The Atlantic

The Reckoning Over Young Prisoners Serving Life Without Parole

The U.S. Supreme Court has spent a decade limiting the harshest sentence given to juvenile offenders. But state supreme courts are still grappling with how those rulings should play out.
Source: Eddie Keogh / Reuters

It’s been more than seven years since the U.S. Supreme Court began to chip away at life-without-parole sentences for juvenile offenders, and lower courts are still wrestling with how to apply the justices’ logic to the American criminal-justice system.

Life sentences are an American institution. According to a recent Sentencing Project report, more than 200,000 people are serving either life in prison or a “virtual” life sentence: They haven’t been explicitly sentenced to spend their natural lives behind bars, but their prison terms extend beyond a typical human lifespan. Of these prisoners, thousands were sentenced as juveniles. More than 2,300 are serving life without parole, often abbreviated LWOP, and another 7,300 have virtual life sentences. Only after they serve decades in prison do members of the latter group typically become eligible for parole.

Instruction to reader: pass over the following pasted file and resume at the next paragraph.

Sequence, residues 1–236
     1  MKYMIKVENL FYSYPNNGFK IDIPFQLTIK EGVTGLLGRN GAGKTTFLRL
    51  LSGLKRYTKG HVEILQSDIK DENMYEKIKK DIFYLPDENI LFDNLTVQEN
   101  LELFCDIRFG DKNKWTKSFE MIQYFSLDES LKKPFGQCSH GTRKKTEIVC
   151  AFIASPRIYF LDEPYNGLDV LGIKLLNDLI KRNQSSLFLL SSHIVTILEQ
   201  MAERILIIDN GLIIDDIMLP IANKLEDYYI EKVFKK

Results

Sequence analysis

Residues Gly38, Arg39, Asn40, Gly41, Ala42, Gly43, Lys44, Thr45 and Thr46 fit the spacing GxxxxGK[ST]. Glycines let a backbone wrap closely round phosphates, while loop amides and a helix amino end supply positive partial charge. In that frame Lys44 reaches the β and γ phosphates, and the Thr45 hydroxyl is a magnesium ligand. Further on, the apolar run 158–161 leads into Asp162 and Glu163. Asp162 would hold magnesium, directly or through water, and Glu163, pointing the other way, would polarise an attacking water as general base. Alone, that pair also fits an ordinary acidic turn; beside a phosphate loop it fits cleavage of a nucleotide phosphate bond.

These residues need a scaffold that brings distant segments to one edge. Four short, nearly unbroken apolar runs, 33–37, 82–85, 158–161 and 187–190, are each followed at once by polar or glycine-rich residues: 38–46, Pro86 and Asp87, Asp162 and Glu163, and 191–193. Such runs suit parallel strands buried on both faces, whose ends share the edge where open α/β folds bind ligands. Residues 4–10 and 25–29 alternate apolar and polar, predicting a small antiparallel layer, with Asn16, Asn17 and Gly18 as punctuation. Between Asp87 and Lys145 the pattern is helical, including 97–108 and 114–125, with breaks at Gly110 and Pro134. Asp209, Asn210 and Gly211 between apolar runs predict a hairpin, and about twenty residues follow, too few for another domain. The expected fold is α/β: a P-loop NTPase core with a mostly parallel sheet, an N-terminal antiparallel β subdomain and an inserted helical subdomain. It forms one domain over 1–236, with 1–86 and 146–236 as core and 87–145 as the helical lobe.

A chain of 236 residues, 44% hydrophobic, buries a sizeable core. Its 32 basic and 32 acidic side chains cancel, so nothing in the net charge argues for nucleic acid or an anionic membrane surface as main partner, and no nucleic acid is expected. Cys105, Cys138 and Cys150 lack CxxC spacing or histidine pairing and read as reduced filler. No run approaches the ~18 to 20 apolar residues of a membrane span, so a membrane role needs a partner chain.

Where these young people are is highly concentrated: The Sentencing Project found California, Georgia, Texas, and New York account for 63 percent of them. Other states have abandoned the practice altogether. At least 17 now prohibit LWOP sentences for juveniles in all circumstances, according to a recent tally by the Pennsylvania Supreme Court.

“There’s been a

Stai leggendo un'anteprima, registrati per continuare a leggere.

Altro da The Atlantic

The Atlantic4 min lettiAmerican Government
Kamala Harris Is the Decider
With a 50–50 split in the Senate, Harris is poised to have final say over crucial decisions in the coming years.
The Atlantic11 min lettiInternational Relations
The Case Against the Iran Deal
Reviving the JCPOA will ensure either the emergence of a nuclear Iran or a desperate war to stop it.
The Atlantic4 min lettiPolitics
Can Abolition Work in an Age of Right-Wing Extremism?
Punishment can radicalize and further alienate people, while social policy and grassroots community building can defuse potential violence.